Monday, 28 October 2013

Laughing in the face of the tyrant.

I'm taking a week off work to catch up with myself. A week off means three days because the other things I do are not "work" as I don't get paid for them. Still it's taken the pressure off and I can feel it already. Reading for university has been excruciating as I'm doing a course, the first part of which is justifying the use of qualitative research. The arguments run very deep and argue that scientific positivism is just a stance, albeit the dominant one at the moment and not the only way and not the best way of looking into issues of a human nature. Aristotle introduced the idea of phronesis, an intellectual virtue which is gained from experience and practice and learning from the experience and practice of others. Practice is always localised and takes place in a specific context. Along came the natural sciences and their emphasis on universality and notions of phronesis were forgotten about. So much so that we don't have a word for it in our language.
Bent Flyvbjerg came along and  wrote a book - "Making Social Science Matter" - about all this. The University of Edinburgh liked it, and their students who are doing the "Between Counselling and Research 1" course were fated to have to read it. You can tell how difficult it is just by the sheer number of consonants in his name.
So it has taken me "on a journey". I knew that the outcome of most research papers that I have read - particularly for nursing - don't speak to me, don't answer a question I had asked, and give results that make you think "hmmmm, there's more than one way of explaining that", whereas an honest and first hand account of someone's actual experience of something was generally interesting and felt more useful. I have discovered that this is autoethnography. It might be what I've been doing here all along. (But I doubt it). It may be just an excuse to rattle on about yourself, but if so, so be it. And suddenly our reading for university has taken a turn from being about the current debates about the validity of different types of research and has taken me into the realm of autoethnography. Ya beauty. People rattling on about themselves and what they do. I have always loved it. I can't really be bothered with fiction but I love personal accounts of things.

So anyway. I got up early this morning to do some reading and then get out for one of my low heart rate recovery runs. The reading turned out to be easy and enjoyable- quite a change from tortuous sessions trying to wade through heady philosophical debates. I had read the first paper in no time. Then I went out for my run. I'm almost reluctant to say how good these runs are, I want to keep it to myself, but I needn't worry because I won't have many converts. The point is to go slow enough to keep my heart rate low. I think I should really be keeping it under 130 but this is just too much of a stretch so what I do is try to keep it nearer 130 than 140. Because I'm going to be running slowly I can dress up as warmly as I like. Going out and running and constantly telling myself to slow down is just so the opposite of what I normally do that it's a real pleasure. Running around feeling you could give it a whole lot more effort feels great. And also, I really did think Leith was a horrible place until I started doing this, but it gives you plenty of time to look around. I would still advise avoiding school children at all costs, but other than that, there's a lot of nice stuff in Leith.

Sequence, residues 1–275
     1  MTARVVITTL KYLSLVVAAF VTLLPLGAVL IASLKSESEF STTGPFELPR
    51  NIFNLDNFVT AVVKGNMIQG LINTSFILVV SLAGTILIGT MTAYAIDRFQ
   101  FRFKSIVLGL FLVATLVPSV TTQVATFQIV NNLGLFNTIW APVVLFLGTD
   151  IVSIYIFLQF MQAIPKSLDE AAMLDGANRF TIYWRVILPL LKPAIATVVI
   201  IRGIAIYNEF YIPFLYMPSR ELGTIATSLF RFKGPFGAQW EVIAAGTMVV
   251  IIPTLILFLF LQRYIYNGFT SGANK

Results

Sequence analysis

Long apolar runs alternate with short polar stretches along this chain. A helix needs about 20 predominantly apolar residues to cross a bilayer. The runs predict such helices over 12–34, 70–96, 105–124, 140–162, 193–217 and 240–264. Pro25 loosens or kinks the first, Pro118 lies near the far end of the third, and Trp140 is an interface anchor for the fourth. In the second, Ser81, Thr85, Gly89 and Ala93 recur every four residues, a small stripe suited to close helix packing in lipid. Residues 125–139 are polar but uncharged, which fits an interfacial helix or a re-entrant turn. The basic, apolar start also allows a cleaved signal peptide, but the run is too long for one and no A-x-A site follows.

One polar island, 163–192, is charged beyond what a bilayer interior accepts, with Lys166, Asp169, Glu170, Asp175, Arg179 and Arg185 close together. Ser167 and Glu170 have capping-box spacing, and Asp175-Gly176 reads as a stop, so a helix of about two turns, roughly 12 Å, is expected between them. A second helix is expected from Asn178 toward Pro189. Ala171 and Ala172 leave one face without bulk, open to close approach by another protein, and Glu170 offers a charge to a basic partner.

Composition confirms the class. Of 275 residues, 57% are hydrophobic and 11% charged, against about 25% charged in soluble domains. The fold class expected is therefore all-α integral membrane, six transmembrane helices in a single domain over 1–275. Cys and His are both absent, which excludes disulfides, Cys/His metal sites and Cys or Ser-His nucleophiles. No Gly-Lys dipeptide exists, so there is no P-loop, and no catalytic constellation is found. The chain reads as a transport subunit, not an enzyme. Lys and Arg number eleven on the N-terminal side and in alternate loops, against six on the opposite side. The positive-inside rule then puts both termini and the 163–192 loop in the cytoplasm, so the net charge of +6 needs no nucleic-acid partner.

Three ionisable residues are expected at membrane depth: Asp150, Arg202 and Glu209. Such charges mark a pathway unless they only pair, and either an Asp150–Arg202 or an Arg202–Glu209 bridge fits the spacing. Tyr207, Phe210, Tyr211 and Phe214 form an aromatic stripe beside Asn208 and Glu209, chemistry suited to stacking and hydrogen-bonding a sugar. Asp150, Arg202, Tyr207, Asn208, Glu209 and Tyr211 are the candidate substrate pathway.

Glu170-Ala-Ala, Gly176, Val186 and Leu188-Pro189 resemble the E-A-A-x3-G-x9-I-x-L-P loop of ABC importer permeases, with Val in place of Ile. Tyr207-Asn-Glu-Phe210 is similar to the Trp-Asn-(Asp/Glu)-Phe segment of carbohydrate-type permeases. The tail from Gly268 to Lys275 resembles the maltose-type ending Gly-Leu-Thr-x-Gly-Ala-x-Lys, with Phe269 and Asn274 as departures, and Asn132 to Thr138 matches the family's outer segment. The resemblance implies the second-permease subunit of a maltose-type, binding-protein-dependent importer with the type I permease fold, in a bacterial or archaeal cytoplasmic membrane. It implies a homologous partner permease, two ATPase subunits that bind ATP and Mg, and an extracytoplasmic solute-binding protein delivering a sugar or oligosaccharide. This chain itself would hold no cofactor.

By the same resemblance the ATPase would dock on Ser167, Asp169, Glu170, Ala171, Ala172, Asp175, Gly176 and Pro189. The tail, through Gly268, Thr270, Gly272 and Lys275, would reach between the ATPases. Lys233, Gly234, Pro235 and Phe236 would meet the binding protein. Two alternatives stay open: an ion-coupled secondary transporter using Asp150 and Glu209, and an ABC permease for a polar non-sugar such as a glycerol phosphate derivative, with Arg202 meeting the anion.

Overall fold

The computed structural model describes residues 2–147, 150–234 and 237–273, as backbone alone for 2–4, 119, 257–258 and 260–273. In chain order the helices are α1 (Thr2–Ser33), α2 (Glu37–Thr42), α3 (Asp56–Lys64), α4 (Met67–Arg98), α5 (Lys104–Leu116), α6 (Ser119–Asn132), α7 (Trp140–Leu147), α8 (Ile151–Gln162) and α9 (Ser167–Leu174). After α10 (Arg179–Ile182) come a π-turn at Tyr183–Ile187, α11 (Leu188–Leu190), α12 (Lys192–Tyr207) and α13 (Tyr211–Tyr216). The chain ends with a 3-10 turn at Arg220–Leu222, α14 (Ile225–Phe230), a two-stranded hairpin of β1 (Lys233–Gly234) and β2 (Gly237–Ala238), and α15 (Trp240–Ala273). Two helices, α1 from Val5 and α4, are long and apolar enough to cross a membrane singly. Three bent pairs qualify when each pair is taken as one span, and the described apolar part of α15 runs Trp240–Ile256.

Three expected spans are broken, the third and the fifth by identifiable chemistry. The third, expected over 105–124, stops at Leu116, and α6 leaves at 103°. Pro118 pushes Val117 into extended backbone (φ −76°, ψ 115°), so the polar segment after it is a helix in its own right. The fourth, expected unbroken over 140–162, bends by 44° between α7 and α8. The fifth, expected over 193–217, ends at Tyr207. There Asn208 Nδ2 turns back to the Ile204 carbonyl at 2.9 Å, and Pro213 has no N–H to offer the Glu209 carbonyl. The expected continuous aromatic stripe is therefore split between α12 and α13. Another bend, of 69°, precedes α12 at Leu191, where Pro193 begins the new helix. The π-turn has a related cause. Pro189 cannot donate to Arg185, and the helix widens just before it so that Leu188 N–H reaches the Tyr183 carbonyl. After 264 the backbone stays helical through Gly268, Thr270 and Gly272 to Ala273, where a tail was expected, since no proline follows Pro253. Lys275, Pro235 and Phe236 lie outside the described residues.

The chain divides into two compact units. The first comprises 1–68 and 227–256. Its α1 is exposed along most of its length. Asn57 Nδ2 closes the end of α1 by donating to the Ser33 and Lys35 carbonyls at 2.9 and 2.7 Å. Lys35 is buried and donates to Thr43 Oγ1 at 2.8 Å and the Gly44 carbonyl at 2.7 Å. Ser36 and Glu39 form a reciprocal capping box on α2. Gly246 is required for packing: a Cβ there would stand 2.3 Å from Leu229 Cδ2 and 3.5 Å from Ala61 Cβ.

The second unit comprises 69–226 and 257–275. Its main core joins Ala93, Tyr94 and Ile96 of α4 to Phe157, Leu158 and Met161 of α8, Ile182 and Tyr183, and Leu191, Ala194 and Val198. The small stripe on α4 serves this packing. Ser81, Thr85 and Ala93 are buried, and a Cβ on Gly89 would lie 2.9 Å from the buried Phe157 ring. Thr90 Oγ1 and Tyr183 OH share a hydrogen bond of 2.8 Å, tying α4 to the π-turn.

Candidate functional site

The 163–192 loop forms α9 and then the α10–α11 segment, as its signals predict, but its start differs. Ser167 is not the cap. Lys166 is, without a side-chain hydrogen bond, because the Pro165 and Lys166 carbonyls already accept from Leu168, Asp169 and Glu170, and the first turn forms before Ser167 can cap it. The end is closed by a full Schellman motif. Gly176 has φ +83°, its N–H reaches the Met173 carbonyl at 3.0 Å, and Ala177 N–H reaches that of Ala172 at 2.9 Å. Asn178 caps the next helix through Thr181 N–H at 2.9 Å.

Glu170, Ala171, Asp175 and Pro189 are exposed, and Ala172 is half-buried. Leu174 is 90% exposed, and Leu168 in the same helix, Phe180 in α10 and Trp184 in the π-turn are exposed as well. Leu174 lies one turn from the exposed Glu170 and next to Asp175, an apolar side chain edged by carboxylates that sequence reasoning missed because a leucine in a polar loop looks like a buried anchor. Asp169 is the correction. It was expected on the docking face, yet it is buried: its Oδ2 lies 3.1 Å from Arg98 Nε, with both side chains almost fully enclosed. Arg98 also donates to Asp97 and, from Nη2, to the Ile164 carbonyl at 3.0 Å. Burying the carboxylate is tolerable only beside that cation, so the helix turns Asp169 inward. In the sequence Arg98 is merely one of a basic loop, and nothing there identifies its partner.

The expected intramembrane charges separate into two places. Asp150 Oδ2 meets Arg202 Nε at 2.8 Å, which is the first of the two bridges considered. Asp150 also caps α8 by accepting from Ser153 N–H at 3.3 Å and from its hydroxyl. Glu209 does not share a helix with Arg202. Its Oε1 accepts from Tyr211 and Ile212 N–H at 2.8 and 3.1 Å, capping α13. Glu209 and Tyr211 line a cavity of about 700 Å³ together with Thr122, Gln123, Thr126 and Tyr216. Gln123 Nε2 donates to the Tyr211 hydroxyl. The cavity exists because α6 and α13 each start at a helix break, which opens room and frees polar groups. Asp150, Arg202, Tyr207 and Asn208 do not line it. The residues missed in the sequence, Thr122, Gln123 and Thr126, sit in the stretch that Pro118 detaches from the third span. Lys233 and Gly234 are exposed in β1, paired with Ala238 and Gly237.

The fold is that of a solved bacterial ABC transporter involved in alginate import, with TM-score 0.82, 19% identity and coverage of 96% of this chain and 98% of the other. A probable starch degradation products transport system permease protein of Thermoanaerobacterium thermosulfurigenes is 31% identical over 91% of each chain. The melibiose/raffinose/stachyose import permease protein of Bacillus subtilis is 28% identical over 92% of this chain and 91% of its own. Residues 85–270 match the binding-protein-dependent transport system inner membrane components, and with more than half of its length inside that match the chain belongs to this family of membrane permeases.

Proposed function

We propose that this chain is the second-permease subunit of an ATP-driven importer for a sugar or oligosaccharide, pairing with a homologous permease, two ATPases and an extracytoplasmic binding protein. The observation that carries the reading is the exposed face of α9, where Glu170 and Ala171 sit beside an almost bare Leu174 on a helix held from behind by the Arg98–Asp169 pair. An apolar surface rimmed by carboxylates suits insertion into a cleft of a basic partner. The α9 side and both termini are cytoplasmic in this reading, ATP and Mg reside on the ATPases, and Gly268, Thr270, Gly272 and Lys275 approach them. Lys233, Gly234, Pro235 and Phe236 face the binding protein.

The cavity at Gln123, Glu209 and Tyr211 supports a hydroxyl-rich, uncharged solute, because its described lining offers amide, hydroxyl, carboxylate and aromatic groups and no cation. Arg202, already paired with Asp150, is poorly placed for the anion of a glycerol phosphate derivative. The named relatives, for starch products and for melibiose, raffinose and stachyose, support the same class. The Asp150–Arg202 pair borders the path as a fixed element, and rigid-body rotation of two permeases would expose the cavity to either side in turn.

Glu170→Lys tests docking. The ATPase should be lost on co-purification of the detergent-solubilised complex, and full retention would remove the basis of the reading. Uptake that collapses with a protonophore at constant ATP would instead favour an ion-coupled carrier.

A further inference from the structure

The allotments at Leith Links are always good. All those little individual gardens adjusting to the seasons. Each one with a personality of its own.
Running up the Water of Leith there are usually a good assortment of birds. Today there were coots looking like spats and some marble grey looking birds with brown suede heads that caught my eye.
It being autumn, there were all the crunchy leaves lining the paths.
Coming back onto Leith Walk there were the smells, particularly cigarette smoke, fresh coffee and salami.

The only really difficult side of this kind of running is the thought "What if someone I know sees me running this slowly?" There's no easy answer to that...except earlier this year I was running at that speed and had no choice about it, which has put it in perspective. The tyrant in me who judges everyone who runs wearing furry ear muffs is the same tyrant who constantly berates me to run faster. He gets particularly loud when I think I might be spotted running like that. When I'm doing my slow running, I hear him and I have a laugh at him and ignore him and get back to the business of taking in the sights and sounds and smells of what surrounds me.

But I better go. I really do have stuff to do.


idleage said...

liking the Aristotle renaissance - the longer I live, the more on the ball I think the old Greeks were. How about trying fastish walking instead of (or as well as) slow running? scenery drifts past effortlessly, time to notice all kinds of trivia.

Yak Hunter said...

I'm not ready for walking yet...

Billy said...

Like the Rio sign. Hadn't thought of the link with Leith before but I suppose they do have the Favela connection.
I'm a great fan of slow running too. Wish I'd known about it when I was younger. It's very Japanese-ey - they do lots of it and are without doubt the best-prepared marathoners on the planet. And would people who see you out running really know the difference between 6 and 10 minute mile pace if it hit them in the face?

Yak Hunter said...

Cheers Billy, I'm sure your slow running looks a bit better than mine. Still, it's only foolish pride at stake. I should get a set of furry ear muffs and be done!